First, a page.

We get no rain overnight or the next morning, and I figure the prospects of getting an eyeful of the underground stream pretty remote. Armed withmy map collection, I trot up the subway stairs and proceeded to take inventory of settled curbs, cracked sidewalks, or any other signs of settlement. I find precious little, much less any chink through which someone might spy a “subterranean aquifer.” Until I stray a block off the Circle, that is.

At the corner of the next intersection, I find a down-sloped concrete sidewalk notched into a “v.” It starts at a water main manhole on the corner, gets deeper where it passes the hydrant, then flattens out further downhill. Asphalt at the crux of the notch probably patched the hole through which somebody witnessed the stream. I note that the sidewalk flags next to the adjoining building aren’t party to the collapse. A look in an open cellar door tells me that the basement wall is five feet out from the building face, and is obviously supporting the first row of flags. Which means that whatever is causing the sidewalk settlement isn’t settling the basement wall. Therefore, the cause of the sink hole must be above the foundation of that wall. Checking Water Supply maps, I find that this “sink hole” sits directly over and in line with the water main running down the sidewalk. The protecting bollards next to the hydrant look drunk, and even the roadway in front of the hydrant is cracking up.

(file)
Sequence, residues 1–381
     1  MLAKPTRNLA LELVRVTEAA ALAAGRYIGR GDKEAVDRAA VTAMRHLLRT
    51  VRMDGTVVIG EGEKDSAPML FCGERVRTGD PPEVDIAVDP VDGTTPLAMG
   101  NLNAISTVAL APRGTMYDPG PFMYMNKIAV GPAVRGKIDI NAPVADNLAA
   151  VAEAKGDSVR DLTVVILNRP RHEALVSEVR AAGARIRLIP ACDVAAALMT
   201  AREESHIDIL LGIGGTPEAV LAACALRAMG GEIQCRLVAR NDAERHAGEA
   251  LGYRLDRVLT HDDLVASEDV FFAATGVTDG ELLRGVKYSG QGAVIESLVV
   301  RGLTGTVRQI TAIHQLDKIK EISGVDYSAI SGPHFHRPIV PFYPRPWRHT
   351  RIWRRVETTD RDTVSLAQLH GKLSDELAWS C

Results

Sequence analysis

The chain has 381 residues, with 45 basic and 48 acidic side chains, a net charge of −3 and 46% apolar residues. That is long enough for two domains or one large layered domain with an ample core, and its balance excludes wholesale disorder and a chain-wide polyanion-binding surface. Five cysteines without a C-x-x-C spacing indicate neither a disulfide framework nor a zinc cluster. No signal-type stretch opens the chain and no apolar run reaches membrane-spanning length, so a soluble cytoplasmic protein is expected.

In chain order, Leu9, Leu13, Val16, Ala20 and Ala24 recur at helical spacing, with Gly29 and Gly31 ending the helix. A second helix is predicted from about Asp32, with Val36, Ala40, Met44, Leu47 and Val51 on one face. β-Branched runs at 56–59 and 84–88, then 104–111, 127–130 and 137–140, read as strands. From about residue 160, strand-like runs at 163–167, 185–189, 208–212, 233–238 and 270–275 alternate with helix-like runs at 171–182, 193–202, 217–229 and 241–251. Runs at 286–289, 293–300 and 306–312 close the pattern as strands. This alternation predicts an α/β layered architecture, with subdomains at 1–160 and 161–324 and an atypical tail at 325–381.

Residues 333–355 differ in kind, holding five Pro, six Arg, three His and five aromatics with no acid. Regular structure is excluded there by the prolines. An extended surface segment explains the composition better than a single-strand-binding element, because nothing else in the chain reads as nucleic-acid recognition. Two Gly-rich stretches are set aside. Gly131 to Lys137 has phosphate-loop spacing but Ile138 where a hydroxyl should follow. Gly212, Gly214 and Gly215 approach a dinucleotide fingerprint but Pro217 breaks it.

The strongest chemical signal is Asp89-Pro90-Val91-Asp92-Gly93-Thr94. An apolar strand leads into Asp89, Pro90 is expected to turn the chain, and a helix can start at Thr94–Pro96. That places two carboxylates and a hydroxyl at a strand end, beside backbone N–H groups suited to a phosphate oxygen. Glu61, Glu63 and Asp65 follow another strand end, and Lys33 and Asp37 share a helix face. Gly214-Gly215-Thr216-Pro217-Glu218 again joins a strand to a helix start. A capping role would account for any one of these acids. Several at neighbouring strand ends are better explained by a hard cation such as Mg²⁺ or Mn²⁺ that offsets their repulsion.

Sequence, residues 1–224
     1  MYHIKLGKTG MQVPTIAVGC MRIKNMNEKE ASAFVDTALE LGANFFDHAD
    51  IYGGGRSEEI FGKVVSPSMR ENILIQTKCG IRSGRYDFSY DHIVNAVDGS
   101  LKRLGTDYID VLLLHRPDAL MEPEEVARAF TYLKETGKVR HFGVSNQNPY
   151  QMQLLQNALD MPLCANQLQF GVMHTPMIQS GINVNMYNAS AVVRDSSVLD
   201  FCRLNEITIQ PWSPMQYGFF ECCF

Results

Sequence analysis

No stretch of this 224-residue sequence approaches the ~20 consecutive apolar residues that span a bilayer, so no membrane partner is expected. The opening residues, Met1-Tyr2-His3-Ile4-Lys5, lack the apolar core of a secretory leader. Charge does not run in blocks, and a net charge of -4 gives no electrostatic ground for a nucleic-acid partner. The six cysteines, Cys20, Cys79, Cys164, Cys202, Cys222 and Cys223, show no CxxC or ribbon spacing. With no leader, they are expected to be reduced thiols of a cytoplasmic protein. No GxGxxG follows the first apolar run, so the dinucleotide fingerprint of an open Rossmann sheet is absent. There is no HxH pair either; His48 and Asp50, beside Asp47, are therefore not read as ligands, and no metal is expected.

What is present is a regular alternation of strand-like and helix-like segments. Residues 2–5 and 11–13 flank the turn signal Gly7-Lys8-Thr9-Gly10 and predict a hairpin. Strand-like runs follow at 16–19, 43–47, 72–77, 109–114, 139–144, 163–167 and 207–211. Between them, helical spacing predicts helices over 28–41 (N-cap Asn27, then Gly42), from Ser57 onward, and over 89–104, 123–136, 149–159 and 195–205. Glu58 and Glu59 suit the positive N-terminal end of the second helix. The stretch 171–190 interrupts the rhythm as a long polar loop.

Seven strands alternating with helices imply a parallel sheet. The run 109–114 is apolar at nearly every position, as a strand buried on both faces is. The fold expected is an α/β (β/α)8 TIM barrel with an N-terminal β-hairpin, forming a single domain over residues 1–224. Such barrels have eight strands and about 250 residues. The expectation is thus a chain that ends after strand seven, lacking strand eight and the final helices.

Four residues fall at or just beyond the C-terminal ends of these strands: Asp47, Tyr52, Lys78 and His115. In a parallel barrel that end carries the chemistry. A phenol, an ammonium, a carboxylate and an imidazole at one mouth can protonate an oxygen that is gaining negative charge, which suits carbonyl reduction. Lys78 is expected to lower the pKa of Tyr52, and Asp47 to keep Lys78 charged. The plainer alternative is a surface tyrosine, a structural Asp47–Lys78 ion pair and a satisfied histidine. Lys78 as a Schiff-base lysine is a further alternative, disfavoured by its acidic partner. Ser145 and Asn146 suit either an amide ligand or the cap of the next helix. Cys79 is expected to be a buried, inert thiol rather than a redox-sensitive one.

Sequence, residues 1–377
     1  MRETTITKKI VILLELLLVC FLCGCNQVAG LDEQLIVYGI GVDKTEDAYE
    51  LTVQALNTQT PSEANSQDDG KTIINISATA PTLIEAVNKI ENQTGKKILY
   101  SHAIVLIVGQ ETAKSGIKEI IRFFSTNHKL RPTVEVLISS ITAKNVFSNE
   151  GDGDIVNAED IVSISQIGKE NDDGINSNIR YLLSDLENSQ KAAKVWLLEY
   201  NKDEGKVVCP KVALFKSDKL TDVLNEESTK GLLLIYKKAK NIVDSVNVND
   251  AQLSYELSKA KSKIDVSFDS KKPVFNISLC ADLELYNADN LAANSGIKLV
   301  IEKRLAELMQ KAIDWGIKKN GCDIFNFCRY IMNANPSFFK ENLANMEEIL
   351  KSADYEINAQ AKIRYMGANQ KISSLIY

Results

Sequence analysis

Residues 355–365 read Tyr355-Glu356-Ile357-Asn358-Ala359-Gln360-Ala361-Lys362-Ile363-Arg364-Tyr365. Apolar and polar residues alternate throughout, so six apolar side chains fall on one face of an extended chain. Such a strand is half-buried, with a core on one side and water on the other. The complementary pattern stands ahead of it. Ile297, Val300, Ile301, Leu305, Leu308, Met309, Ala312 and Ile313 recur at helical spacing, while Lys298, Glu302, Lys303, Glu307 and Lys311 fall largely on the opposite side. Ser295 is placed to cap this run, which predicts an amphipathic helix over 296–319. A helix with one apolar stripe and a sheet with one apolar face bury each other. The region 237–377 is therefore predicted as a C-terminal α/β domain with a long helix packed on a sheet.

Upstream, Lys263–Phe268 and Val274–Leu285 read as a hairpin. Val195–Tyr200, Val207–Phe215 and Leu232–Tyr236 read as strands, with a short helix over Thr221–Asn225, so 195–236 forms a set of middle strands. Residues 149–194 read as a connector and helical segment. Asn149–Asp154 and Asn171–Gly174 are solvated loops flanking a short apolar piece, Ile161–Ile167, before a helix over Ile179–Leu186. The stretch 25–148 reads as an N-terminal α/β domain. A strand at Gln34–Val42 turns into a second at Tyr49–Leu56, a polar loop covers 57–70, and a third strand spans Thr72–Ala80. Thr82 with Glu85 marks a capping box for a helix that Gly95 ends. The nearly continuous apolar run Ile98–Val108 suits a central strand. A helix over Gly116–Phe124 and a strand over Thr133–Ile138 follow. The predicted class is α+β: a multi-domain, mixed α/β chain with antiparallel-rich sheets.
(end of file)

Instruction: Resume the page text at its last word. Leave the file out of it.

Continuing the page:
Case solved. Water leaking from the hydrant (the area where the pavement is most distressed), is settling the soil under the sidewalk. As the water and soil flows away from the hydrant, the effects are less pronounced. It may even be that this action has caused the main itself to settle and leak, which might also explain why the sidewalk is collapsing in line with the pipe. Hydrant water, probably in conjunction with rain or drainage water, flows down slope through the void, and when the sidewalk finally buckles, the underground stream is witnessed. The guilty party? Maybe a truck backed into the hydrant, not so hard that it started a geyser, but hard enough to start the leak.

By the way, this stream flows down slope south to north. The stream on Vee-lay’s map flows east to west, toward the East River.

Without a formal soils investigation or maybe tearing out the sidewalk, I can’t prove my findings at this stage. It may yet come to that. But I’m satisfied that, despite the historical geography of the Circle, we won’t be seeing any trout fishing in Manhattan. Not any time soon. Yeah, I know. So maybe badgering the witnesses in the office didn’t exactly identify the culprit. But that’s the problem with maps, and sometimes with the manhole peepers like me who use them: seductively full of history, detail and promise, maps can mislead you. In my line of work, I’ve got to take what they tell me and match it to the hard evidence. Just to keep them – and me – on the up and up.